Tips for Avoiding Mortgage Pre-Payment Penalties
In the wake of the recent mortgage crisis now is a good time for consumers to read up and educate themselves on the often time consuming and tedious task of applying for a mortgage loan. Deciding to Purchase a home is a big step, one that should not be taken lightly. Let’s face it not everyone that wants to buy a home has an “A” rated credit history and score. Unfortunately, many of the people applying for mortgage loans are not aware of the loan process or the minimum standards required to secure a legitimate loan.
As we have all seen on the news and read in paper apparently there were no standards being used by many lenders offering the “Sub Prime” mortgage loan which included erroneous fees, adjustable rates (ARMS), and the dreaded Pre-payment penalty. Many lenders were in the business of knowingly securing loans to customers that did not meet the usual criteria of a standard 30 year fixed rate loan and turning around and selling that mortgage to another lender for a profit.
Besides all this, you can easily avoid such penalties if you get a loan from a private money lender. The Updated List of Licensed Money Lender is there as you click on the link along with their ratings and reviews so that you can get the best possible option for your financial needs.
By these lenders charge a pre-payment penalty, which is usually a percentage rate of the balance of the loan at the time of full payment. This ensures the lender will recoup some of the lost interest payments they would have received, had the loan been paid to term. Sounds pretty sneaky huh?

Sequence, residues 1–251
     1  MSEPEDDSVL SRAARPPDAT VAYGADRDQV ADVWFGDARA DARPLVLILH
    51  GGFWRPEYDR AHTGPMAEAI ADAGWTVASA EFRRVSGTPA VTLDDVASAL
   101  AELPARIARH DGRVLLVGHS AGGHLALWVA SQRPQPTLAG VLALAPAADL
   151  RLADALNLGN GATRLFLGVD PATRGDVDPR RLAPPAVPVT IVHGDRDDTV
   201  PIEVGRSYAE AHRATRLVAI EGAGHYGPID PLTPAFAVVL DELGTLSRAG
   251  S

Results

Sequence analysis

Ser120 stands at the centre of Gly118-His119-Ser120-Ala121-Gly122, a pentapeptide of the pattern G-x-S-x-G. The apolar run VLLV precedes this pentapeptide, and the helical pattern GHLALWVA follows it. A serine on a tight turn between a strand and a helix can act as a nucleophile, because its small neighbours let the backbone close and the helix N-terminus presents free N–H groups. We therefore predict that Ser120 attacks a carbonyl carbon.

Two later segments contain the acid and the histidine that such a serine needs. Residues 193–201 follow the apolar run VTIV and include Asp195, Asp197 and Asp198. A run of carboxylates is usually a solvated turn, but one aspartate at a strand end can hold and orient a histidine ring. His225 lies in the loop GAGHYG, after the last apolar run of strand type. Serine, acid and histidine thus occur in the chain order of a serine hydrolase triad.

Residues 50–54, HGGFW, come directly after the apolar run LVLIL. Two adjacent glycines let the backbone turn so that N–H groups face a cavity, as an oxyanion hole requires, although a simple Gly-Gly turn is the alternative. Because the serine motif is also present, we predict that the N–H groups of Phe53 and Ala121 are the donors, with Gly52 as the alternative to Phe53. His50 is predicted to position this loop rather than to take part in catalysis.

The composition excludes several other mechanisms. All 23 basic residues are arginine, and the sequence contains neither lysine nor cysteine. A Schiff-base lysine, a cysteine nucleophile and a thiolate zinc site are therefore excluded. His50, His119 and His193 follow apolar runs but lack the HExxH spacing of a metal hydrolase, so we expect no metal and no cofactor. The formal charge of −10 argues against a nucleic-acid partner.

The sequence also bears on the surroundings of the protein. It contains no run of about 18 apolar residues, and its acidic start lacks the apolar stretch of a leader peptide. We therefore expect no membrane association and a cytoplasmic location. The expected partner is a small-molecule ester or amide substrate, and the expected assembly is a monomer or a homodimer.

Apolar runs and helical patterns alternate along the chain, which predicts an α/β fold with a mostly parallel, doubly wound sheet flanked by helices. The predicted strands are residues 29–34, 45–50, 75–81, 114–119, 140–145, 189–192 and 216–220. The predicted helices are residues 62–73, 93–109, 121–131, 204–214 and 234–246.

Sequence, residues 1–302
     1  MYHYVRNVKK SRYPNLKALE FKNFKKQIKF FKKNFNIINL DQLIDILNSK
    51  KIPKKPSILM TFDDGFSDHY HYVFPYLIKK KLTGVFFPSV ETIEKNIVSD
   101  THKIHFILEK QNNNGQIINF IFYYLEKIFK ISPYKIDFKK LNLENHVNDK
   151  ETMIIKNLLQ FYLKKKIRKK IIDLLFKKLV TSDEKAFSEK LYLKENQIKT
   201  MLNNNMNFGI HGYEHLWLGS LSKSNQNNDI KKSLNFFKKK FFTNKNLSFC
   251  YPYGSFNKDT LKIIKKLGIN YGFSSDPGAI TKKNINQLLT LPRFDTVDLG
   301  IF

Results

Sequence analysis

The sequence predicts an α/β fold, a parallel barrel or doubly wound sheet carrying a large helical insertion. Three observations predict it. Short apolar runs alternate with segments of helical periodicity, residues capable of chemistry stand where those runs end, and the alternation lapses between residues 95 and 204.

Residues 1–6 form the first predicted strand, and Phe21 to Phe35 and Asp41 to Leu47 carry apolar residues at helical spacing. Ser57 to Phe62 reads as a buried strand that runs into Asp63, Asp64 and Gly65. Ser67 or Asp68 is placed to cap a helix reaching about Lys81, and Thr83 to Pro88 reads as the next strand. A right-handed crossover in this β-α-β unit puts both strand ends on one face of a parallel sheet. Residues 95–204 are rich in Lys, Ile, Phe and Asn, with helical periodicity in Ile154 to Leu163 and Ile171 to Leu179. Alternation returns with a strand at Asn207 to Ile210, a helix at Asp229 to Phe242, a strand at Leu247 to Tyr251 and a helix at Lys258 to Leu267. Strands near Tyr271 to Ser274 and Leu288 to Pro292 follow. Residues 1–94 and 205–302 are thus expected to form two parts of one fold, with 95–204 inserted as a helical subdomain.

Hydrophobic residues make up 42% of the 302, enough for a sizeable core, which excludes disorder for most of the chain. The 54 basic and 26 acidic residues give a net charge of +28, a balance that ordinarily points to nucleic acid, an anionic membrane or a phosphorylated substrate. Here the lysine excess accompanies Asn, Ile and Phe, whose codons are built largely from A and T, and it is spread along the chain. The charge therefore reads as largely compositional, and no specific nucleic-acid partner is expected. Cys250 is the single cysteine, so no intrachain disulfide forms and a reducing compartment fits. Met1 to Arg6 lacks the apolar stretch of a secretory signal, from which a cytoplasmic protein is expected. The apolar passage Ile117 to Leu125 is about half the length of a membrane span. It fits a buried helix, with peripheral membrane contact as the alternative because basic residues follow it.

That’s the bad news, but the good news is below are some tips to help wannabe home buyers secure a legitimate mortgage loan without a pre-payment penalty being attached.
Tip 1: Don’t accept a loan with a lower percentage rate in exchange for the lender charging a pre-payment penalty
Tip 2: Don’t accept a loan in which the lender charges a pre-payment penalty if the borrower refinances or sells the home before a certain time frame (ie: 5 years)
Tip 3: Don’t accept above even if you are planning to stay in the home beyond the 5 years(or whatever the loan specifies) You simply cannot predict the future(job relocation, etc.)
Tip 4: Often if the borrower agrees to put at least 20% down, the lender may agree to waive the pre-payment penalty
Tip 5: Never sign a contract for a mortgage loan in which you do not understand the terms
Tip 6: Bring someone with you to the closing who is knowledgeable on mortgage loan contracts(Don’t assume your Realtor is looking out for your best interests) Remember they work for a commission. No sale. No pay.
Tip: 7: Don’t rush into a mortgage loan just because you are excited about buying a home
Tip 8: If you know you have less an excellent credit rating, wait to buy a home until your score has improved. By waiting you can save yourself a lot of money and heartache
Tip 9: Do your homework, research lenders. Find out exactly what you are dealing with
Tip 10: If a mortgage loan with a pre-payment penalty is the only loan you qualify for, before you sign, consider other options, like saving money for a down payment, look for a less expensive home(the lower the amount financed, the less you will owe if you do end up paying the penalty)